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Mounted charge in Tenerife, by Tristan Rutherford

The Sunday Times, 28 February 2020

 

The Zero S is the Tesla of electric motorcycles. I’m riding one soundlessly up Tenerife’s Mount Teide, a 3,718m-high active volcano, which is Spain’s highest peak. The steep ascent is a revolution of banana rows, lemon groves and volcanic flows, all blurred in a rhapsody of speed. All I can hear is a rolling Atlantic and the breeze tickling trees.

Tenerife is best known for its beaches. But adventure agency Xwander is the first place in Spain to rent the Zero, allowing Mount Teide and the island’s rustic north coast to be viewed - on fast forward - in a single day. There’s a final kicker to these bikes that retail at £12,000 apiece. As there’s no engine to rev, power is instantaneous. That means they can do 0-60mph in 4.8 seconds, which is similar to the latest Maserati. Yikes!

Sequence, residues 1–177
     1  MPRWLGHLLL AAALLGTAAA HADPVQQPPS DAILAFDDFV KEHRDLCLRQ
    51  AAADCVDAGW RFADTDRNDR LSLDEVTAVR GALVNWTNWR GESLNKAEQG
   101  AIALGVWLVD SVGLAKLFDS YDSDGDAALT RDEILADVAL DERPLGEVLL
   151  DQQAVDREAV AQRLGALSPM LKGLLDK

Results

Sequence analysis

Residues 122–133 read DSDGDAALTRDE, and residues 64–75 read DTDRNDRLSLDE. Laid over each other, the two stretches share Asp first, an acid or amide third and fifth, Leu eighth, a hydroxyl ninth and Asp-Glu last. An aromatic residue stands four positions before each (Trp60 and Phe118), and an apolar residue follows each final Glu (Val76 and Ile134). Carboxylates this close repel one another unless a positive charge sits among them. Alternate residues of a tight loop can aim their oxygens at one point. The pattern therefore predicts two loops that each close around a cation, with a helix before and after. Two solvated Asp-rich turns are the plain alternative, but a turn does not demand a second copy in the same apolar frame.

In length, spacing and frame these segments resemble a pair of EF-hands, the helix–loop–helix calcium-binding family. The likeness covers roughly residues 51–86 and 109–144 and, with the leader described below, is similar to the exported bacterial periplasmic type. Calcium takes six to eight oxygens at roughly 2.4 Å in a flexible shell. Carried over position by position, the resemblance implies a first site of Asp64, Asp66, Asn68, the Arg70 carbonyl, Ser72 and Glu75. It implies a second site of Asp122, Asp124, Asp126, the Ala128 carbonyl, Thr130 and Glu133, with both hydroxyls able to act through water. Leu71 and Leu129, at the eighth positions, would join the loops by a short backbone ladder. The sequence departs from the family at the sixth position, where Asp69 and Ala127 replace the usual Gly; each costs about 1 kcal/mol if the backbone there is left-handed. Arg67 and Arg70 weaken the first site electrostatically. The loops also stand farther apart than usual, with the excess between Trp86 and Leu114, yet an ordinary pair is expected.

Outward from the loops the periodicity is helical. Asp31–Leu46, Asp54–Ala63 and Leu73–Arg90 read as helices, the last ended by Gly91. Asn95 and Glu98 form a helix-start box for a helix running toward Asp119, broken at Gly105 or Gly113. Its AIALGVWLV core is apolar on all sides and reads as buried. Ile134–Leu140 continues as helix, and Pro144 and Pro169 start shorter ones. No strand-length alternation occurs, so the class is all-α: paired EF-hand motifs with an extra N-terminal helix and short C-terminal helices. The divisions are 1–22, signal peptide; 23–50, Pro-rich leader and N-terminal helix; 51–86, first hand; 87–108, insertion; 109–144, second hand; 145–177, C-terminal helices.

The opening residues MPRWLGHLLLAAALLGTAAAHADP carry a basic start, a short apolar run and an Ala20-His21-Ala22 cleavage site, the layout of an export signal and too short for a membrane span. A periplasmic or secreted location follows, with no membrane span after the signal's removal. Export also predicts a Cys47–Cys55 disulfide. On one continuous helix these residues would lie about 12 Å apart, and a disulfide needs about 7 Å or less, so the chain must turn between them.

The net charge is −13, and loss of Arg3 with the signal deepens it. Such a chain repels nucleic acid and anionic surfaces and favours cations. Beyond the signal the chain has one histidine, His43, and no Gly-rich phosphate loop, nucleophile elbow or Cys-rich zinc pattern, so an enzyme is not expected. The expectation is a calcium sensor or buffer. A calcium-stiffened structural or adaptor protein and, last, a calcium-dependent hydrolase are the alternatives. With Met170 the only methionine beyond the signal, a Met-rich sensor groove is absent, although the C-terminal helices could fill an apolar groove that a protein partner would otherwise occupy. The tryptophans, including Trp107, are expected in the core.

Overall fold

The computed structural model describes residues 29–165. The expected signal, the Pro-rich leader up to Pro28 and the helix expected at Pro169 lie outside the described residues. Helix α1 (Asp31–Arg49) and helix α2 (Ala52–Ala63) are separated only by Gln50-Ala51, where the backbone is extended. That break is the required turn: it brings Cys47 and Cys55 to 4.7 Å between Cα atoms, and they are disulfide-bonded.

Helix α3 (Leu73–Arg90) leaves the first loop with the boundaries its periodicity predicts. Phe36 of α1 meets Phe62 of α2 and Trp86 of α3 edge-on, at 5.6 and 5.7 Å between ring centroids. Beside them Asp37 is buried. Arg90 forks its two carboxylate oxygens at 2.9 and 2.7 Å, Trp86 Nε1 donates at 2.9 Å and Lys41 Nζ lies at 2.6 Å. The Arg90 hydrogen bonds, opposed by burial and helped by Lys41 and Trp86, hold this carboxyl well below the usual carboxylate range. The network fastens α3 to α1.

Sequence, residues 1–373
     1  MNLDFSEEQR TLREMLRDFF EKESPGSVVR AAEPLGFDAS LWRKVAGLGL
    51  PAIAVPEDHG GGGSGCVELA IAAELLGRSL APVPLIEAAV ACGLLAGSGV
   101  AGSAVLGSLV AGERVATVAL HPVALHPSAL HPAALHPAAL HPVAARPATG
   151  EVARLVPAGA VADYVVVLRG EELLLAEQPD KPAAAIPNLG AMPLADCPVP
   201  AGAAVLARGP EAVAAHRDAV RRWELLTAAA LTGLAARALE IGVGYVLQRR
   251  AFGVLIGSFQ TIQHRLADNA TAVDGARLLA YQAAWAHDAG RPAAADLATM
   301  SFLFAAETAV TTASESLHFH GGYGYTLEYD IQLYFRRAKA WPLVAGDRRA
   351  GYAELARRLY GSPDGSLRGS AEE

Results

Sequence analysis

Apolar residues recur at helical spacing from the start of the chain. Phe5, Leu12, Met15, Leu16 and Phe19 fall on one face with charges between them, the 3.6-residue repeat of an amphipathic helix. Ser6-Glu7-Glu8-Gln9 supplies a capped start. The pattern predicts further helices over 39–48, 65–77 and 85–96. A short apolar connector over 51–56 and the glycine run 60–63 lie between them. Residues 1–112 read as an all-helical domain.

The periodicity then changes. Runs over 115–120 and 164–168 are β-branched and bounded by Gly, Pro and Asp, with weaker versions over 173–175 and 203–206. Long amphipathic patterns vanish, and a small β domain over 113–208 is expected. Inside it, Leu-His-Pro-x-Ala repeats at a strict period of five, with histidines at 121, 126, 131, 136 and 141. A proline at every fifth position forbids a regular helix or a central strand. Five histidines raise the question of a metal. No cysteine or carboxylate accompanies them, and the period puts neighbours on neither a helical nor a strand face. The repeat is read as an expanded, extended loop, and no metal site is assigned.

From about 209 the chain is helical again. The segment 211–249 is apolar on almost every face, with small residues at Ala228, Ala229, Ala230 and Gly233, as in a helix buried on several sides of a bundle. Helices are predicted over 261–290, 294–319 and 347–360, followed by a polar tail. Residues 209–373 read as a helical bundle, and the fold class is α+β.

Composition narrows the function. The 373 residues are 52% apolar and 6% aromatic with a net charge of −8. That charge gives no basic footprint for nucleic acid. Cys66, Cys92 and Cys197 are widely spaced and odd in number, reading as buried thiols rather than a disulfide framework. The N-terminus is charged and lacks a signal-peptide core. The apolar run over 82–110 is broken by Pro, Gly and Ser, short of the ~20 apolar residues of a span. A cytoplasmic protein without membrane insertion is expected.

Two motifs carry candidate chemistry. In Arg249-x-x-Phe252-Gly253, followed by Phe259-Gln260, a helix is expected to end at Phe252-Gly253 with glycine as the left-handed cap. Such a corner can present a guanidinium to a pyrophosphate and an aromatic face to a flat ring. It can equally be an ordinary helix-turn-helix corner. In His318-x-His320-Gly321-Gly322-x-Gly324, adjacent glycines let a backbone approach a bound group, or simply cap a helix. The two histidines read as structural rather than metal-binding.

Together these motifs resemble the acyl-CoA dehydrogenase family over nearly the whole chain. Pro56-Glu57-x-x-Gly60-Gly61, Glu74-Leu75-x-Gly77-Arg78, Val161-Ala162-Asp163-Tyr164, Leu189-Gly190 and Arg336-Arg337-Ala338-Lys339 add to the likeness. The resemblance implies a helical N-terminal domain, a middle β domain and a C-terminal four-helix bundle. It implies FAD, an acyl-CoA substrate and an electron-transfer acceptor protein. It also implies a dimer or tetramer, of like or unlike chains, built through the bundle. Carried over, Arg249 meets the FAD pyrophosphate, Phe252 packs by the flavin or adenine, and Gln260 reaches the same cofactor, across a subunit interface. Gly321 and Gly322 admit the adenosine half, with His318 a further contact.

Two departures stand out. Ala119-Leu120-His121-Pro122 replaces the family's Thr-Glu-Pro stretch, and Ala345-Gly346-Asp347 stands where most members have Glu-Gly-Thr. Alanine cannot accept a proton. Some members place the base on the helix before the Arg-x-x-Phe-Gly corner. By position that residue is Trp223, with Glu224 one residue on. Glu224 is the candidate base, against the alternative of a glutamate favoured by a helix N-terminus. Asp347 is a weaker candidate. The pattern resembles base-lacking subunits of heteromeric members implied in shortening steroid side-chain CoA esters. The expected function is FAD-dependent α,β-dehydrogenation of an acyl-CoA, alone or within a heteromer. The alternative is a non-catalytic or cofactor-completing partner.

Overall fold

I meet my guide Garry La Roche in Puerto de la Cruz for our first day tour. At first glance the bike seems too techy - like something Batman would drive to the dry cleaners. Its array of power, speed and torque settings can be jiggled via a Bluetooth app.

But as Garry and I accelerate up the mountain the bike’s silent power becomes apparent. We bomb up a near vertical path that rises through a Rio-style suburb, zooming passed a bemused window cleaner enroute. “Es silencioso, [it’s silent]” he gawps. “Es electrico [it’s electric]!” Garry replies. His shortcut also shaves 10km off the circuitous Teide ascent.

At 1,000m in altitude we pull in for coffee. I ask Garry if the power of a Zero can be dangerous? “Like any scooter or motorbike, they are only dangerous if you’re stupid,” he replies. He can also escort nervous groups as pillion passengers at no extra cost.

More enticingly, our high-tech Zeros attract a gaggle of admirers. Instead of an exhaust block, my motorless ‘motorbike’ has a foot of clear air between the saddle and rear wheel. In place of a petrol tank there’s a handy locker into which I store a map, pencil, chapstick and a packet of polos. I remount in front of them like a zero emissions version of Steve McQueen. I’m a real biker now.